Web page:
An electric bike can be a game-changer, taking the sweat out of cycling and reducing reliance on your car. However, although accidents are rare, and shouldn’t put you off investing in an e-bike, the large lithium battery attached to its frame is a potential fire hazard if not treated with care.
Lithium batteries have a lot of advantages that make them ideal for e-bikes. They can be charged and discharged hundreds of times, they’re relatively lightweight and compact, and they contain lower levels of toxic heavy metals than many other types of batteries. Unfortunately, they can also be very flammable.
Why do e-bikes catch fire?
Lithium batteries like those used in e-bikes contain two electrodes, with an electrolyte fluid in between. As the battery is charged or drained, charged ions move from one electrode to the other.
The electrolyte fluid is highly combustible, which isn’t normally an issue, but if the battery is damaged or overheated, the liquid can ignite. Once one battery cell overheats, the adjacent ones follow (a process called thermal runaway) and the heat and pressure soon becomes too much to contain, resulting in an explosion.
The foundation’s research project manager explained that lithium battery fires happen for a number of reasons, including: manufacturing defects; design flaws; improper use (eg placing a battery near a heat source or leaving it in intense sunlight for an extended period of time, which may lead to the battery overheating); penetrating a battery in a way that causes a short circuit; and using chargers not intended for the device.
Hoverboards are perhaps the most infamous example. The US Consumer Product Safety Commission (CPSC) is aware of over 250 incidents related to fires or overheating since 2015, when hoverboards started to become popular. Major airlines banned hoverboards from commercial flights, and stores including Amazon, Overstock and Toys R Us suspended sales.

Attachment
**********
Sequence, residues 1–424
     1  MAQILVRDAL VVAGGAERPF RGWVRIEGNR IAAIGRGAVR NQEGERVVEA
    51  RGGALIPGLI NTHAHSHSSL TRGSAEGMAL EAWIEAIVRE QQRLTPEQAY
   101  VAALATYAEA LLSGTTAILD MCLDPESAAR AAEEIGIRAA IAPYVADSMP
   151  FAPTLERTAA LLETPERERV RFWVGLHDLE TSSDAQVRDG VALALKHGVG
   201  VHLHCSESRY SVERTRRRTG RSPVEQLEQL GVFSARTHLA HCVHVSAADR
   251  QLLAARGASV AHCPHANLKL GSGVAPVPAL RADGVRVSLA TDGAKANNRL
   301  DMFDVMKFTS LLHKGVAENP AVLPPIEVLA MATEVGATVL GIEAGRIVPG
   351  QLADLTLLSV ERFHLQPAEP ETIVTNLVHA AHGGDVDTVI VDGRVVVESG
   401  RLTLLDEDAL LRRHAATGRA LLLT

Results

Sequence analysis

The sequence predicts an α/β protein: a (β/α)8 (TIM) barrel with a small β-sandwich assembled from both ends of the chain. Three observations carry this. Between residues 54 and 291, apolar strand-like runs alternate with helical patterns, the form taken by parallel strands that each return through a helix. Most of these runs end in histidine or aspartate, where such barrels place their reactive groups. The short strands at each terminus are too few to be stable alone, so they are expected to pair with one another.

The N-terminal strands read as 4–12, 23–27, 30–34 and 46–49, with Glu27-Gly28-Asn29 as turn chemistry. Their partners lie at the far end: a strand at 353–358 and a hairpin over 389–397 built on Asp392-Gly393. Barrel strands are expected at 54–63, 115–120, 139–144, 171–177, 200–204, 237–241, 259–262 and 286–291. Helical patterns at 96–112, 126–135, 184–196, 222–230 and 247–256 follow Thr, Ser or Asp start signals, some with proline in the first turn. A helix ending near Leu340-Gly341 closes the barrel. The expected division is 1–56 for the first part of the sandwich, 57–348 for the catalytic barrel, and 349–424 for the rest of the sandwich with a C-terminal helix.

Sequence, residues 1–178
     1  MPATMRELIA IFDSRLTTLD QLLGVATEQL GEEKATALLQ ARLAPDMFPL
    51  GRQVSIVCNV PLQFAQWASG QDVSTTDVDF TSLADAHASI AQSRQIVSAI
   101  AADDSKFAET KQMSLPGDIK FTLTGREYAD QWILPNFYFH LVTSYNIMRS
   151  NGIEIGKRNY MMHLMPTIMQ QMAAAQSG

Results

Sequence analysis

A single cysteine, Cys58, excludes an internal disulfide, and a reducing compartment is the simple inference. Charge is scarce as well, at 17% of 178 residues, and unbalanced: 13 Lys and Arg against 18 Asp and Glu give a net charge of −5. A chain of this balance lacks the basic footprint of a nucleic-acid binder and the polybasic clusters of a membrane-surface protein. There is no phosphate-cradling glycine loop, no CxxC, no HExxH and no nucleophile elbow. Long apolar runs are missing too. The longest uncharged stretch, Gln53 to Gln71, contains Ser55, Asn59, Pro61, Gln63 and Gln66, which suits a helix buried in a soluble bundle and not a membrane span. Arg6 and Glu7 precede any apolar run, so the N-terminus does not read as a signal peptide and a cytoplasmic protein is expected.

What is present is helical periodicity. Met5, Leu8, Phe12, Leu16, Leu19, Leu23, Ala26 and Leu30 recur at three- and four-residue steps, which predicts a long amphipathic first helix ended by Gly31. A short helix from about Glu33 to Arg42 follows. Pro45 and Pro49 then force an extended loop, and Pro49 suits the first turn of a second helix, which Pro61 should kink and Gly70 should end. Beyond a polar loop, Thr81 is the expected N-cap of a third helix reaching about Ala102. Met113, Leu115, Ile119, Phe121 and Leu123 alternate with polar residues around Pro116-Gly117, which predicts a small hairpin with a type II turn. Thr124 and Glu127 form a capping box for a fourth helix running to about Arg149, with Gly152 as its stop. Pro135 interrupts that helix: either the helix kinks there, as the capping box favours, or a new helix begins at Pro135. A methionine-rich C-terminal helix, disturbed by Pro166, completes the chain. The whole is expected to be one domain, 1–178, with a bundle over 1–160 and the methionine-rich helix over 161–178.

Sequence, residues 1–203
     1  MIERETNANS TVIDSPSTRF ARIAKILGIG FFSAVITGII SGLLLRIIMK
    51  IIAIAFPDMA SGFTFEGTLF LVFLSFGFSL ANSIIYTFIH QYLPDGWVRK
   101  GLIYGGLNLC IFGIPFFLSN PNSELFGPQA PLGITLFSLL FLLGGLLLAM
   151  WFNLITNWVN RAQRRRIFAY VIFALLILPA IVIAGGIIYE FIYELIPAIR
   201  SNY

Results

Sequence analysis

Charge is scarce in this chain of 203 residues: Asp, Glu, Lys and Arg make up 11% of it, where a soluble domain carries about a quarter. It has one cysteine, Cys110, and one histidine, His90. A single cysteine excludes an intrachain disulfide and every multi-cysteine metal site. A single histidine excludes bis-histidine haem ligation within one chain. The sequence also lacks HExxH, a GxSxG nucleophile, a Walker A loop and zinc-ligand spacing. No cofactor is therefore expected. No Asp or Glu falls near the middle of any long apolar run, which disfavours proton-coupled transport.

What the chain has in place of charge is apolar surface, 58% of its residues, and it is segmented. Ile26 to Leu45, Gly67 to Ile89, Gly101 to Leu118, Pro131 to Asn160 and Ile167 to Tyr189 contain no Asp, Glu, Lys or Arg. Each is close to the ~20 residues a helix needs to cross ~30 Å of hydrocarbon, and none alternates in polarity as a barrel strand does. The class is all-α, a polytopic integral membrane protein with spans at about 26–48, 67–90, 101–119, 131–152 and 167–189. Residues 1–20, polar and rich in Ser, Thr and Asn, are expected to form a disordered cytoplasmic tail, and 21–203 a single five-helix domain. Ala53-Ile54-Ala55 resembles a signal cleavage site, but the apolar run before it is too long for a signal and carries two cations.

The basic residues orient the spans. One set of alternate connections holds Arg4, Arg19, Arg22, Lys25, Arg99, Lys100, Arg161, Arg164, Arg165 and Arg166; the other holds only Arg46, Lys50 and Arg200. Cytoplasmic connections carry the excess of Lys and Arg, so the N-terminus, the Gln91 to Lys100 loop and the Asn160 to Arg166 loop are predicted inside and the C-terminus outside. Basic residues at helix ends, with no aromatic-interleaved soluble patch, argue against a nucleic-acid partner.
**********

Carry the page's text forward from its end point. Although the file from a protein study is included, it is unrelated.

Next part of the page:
Hoverboards were particularly susceptible because they were so new, there were no design standards that stipulated the use of safety measures like holes to vent excess pressure, or separators that act as a fuse and shut down the cell above a certain temperature. Nor were they subject to strict testing before being sold to the public, unlike other devices containing lithium batteries.
The US Consumer Product Safety Commission swiftly implemented a safety standard for hoverboards and although they’re still not permitted on planes, hoverboards soon returned to store shelves.
E-bikes have been around for much longer, and standards for them are more established, but the Fire Protection Research Foundation explains that bikes involved in fires are often poorly built:
“According to anecdotal reporting from some fire departments, such as FDNY, many e-bikes fires have resulted from those made with low quality components (eg batteries made with inadequate quality control or products that have not been certified by an independent testing laboratory).”
How to prevent e-bike fires
In addition to buying an e-bike from a reputable manufacturer that complies with the appropriate safety standards, there are also measures you should take to take care of your e-bike and avoid fires